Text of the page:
Wednesday, April 27, 2016

Colin Barrett's "Anhedonia, Here I Come"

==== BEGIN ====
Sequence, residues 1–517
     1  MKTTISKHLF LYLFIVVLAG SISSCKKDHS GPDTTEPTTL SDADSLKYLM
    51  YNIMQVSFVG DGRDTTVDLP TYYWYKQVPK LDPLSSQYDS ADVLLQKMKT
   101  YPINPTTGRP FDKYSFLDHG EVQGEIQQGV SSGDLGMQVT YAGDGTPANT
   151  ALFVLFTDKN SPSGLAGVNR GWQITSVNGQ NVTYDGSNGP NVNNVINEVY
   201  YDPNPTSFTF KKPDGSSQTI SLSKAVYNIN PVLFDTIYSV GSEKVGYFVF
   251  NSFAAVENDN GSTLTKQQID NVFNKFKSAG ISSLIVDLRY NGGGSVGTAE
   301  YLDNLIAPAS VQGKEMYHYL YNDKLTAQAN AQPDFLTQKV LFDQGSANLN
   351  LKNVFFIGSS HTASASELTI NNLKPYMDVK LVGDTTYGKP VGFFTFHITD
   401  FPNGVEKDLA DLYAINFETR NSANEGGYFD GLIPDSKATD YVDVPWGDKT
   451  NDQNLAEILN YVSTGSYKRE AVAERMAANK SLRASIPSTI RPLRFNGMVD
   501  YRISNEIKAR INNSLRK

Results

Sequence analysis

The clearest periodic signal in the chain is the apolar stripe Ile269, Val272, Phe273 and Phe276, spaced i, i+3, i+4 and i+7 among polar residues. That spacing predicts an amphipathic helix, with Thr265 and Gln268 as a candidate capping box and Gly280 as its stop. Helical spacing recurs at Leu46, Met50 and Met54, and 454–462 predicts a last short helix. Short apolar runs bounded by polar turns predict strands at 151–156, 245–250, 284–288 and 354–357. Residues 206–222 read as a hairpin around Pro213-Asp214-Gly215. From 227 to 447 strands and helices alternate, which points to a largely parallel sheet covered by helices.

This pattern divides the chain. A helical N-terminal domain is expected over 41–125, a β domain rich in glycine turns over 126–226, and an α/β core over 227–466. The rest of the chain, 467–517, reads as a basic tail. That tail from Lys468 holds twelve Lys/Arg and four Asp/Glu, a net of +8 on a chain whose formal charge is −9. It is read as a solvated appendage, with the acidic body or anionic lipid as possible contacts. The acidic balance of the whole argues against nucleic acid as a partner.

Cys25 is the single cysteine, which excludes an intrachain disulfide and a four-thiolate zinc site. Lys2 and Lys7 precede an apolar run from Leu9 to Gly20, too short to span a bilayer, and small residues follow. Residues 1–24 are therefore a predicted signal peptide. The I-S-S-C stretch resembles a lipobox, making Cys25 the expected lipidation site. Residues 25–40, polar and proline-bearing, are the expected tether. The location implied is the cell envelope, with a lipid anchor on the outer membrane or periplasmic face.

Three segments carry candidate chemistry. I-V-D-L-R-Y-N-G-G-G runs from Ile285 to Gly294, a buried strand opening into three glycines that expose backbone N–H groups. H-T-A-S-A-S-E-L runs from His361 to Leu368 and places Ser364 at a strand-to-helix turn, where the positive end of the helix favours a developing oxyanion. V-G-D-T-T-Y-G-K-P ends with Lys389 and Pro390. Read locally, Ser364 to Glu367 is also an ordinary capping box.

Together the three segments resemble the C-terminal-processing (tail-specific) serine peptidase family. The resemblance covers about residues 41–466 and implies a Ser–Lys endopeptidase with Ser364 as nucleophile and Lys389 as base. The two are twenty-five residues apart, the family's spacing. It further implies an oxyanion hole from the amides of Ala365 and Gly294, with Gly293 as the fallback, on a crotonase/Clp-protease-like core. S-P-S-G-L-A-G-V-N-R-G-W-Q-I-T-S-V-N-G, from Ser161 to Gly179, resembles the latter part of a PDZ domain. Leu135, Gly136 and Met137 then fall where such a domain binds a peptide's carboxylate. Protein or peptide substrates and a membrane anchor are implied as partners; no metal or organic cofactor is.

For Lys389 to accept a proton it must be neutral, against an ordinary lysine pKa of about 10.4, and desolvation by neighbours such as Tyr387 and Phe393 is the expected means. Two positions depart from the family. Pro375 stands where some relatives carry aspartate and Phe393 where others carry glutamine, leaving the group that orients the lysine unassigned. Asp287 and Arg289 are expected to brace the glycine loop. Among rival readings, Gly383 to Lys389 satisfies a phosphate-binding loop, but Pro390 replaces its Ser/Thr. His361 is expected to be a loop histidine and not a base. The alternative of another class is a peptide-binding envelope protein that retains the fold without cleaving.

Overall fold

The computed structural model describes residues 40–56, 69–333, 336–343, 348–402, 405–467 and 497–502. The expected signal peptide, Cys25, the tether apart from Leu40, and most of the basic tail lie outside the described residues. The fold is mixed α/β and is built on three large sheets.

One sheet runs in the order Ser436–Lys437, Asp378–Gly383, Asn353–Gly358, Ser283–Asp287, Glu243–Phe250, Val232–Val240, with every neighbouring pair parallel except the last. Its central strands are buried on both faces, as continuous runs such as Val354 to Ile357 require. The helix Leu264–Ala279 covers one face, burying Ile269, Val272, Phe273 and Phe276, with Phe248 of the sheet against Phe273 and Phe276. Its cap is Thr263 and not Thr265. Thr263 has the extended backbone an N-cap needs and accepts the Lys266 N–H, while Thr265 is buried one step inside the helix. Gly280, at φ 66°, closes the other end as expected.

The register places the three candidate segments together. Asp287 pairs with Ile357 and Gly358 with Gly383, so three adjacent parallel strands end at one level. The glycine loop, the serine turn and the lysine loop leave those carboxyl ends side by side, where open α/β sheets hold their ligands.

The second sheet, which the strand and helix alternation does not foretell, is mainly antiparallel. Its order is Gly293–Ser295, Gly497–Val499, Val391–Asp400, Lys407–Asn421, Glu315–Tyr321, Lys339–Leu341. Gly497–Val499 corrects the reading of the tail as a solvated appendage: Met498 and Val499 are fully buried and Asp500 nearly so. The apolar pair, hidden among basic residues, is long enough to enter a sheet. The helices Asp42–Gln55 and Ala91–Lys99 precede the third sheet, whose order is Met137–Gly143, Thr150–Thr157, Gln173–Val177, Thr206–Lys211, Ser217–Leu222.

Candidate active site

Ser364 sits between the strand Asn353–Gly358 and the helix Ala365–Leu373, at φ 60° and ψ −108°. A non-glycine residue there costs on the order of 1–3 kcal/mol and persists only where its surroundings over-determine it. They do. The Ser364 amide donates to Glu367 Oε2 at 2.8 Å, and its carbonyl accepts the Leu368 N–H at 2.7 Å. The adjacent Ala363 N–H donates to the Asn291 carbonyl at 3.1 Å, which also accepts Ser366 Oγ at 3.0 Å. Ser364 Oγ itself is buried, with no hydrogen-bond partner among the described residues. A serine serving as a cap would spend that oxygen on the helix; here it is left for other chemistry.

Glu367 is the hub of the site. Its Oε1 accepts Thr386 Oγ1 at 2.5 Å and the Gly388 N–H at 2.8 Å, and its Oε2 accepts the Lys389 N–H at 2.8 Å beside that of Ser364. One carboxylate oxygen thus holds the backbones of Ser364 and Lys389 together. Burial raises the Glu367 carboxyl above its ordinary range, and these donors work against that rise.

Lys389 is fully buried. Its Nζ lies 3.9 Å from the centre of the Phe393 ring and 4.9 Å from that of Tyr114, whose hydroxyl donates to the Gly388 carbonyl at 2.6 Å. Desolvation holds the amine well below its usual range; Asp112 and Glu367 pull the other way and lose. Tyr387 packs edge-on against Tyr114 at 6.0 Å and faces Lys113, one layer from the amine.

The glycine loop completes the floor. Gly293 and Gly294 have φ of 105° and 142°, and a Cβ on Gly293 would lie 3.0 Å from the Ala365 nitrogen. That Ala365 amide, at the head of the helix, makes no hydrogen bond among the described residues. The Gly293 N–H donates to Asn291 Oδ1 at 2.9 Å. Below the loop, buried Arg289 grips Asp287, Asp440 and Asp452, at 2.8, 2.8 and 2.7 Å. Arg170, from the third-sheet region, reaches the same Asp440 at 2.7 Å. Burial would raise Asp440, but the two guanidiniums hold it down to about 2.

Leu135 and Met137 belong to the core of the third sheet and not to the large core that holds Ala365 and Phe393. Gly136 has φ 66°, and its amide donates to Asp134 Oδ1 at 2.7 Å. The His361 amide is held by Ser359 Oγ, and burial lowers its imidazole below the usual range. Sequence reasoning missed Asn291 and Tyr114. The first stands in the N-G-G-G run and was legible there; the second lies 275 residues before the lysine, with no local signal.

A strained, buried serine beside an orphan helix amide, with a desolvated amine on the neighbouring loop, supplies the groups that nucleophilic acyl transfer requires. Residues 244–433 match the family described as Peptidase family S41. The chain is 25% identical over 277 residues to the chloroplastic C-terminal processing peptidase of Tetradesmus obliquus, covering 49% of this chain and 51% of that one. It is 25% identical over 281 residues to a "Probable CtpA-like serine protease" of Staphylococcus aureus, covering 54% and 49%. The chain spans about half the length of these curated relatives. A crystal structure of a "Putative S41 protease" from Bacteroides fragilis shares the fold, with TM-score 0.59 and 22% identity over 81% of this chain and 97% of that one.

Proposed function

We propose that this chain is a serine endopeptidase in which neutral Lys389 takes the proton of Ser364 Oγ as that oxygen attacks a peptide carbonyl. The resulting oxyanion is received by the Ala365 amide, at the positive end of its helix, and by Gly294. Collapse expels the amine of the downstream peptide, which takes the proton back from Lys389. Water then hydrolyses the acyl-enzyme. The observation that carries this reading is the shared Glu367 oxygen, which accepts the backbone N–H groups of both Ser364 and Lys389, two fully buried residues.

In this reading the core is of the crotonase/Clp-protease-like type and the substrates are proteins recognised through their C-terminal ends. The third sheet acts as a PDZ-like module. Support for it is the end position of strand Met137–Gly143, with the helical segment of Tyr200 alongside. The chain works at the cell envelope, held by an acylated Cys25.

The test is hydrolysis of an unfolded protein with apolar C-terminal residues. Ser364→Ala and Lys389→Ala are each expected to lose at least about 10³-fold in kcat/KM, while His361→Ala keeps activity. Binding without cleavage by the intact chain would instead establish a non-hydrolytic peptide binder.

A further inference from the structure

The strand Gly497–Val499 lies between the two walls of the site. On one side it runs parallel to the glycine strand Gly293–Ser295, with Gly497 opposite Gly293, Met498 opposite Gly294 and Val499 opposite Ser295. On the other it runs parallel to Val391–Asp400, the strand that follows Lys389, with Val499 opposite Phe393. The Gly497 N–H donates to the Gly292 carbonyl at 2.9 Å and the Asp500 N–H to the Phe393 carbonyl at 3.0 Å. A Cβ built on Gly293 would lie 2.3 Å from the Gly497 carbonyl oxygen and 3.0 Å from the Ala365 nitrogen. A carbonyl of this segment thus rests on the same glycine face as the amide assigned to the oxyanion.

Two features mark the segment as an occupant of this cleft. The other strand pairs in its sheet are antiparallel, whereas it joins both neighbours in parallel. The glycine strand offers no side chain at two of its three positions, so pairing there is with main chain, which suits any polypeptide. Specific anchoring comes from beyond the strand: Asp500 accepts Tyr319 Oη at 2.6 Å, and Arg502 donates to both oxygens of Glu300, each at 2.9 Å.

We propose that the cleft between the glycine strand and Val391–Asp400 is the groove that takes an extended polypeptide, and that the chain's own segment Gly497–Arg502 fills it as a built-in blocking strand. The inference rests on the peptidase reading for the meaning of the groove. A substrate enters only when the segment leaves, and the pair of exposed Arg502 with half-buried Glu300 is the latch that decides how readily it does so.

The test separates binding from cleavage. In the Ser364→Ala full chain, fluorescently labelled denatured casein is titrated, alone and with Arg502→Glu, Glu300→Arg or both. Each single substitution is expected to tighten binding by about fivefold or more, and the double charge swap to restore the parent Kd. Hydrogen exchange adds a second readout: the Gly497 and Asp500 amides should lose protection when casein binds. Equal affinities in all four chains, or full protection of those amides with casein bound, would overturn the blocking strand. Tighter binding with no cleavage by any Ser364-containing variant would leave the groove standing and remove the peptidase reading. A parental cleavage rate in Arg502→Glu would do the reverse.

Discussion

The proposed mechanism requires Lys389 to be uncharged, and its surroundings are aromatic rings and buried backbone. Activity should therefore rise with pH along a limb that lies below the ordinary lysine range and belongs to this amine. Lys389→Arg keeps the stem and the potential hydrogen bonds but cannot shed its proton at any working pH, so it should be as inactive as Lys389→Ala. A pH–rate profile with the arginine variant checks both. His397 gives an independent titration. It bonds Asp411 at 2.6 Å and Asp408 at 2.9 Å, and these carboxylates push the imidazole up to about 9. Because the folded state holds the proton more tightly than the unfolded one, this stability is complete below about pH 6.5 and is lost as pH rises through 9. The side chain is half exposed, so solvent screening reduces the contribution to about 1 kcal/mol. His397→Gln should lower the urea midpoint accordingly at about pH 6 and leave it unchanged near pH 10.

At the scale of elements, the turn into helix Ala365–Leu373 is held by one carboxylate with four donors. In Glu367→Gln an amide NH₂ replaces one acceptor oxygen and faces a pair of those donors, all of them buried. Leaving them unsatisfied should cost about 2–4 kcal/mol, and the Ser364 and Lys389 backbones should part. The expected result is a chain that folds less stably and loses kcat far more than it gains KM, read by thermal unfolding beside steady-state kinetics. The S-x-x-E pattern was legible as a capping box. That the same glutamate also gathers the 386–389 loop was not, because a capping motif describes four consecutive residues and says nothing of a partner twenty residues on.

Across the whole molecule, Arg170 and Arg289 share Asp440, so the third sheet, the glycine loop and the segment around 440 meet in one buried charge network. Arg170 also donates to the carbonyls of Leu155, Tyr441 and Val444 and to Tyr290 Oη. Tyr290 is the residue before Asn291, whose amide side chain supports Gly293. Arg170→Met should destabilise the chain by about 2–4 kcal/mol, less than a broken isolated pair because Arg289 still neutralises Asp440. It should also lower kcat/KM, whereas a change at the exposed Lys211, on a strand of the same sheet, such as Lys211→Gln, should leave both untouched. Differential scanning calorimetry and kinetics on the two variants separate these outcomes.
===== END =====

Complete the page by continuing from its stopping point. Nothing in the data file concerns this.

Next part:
The brilliance of Colin Barrett’s short story about a dyspeptic poet (who refers to his neighborhood as “a budget version of the afterlife,” is described as looking at 29 like a “grotesquely ancient teenager” who makes his living from “cartoon porn” and has clients with e mail addresses like Pussysplitter112), "Anhedonia, Here I Come,” (The New Yorker, 4/18/16) lies in the words. It may seem almost tautological to iterate that writing is brilliant because of language, but Barrett calls attention to his main character, Bobby Tallis’ words almost immediately, since they are not the kind that are likely to roll off your tongue. They’re eccentric characters in and of themselves. “Dysphagic,” referring to “difficulty swallowing” is the first we meet. “Spumous, “ejecting a froth,” follows and then in order there are “sebum,” pertaining to an “oily secretion of the sebaceous glands,” “macrocephalic, “large head, “heteronormative,” the idea that people can be lumped into gender categories and “coprophagia” referring to species who dine on feces. And here are some lusty turns of phrase, “pullulating narcissim,” “palsied silence,” “originary trauma,” “incinerated introversion” with the coup de grace being “a harnessed baby’s loose limbs waggled and its head bobbed disinterestedly around” like “a trussed crab unaware that it is about to be boiled alive.” By the way “anhedonia,” the inability to experience pleasure, is a word first introduced in popular usage by Woody Allen whose Annie Hall originally used it as its title. Now it's the title of Bobby’s collection, a work which has been in progress for 8 years. “In terms of theme, he could not get beyond what he was convinced was a fundamentally spurious obsession with suicidal ideation, but simultaneously he felt that every other poetic topic or concern was an obfuscation, an eschewal, or a bald retreat from this theme. He’d been smitten with the concept of suicidal ideation since he was a teen-ager, but the problem, he figured, was that he had never truly wished to kill himself,” the author remarks of his character’s creation. One of the hysterically funny moments in the story occurs when another would be writer, a gay father who has his baby in his car and who is out on a mission to score drugs, attempts to get Bobby to read his work, after having tried to go down on him. “It’s the language…I just want to know if it’s doing something interesting or not.” The framing device is a commentary on the mixture of bottom feeding and prostitution we associate with the literary agora. The Maecenas of Bobby’s world is Fiachra Calhoun who runs a venue called the Andromeda. Calhoun, a sometime publisher, is bringing out a book by a college student whose name, Jess Tombes, itself constitutes a form of poetic justice. Bobby is stung with jealousy but thinks, “It wasn’t even a question of whether or not she was objectively better than him, it’s that Fiachra had thought so, and soon others would too.” How many short story writers have experienced these exact same thoughts about Lydia Davis? The New Yorker fiction department has outdone itself in publishing this masterpiece of vitriol. But it’s ironic since after years of avoiding subjects like this they had only three weeks before published an equally vicious satire by Ian McEwan based on one writer “appropriating” another’s works ("My Purple Scented Novel," The New Yorker, 3/28/16).

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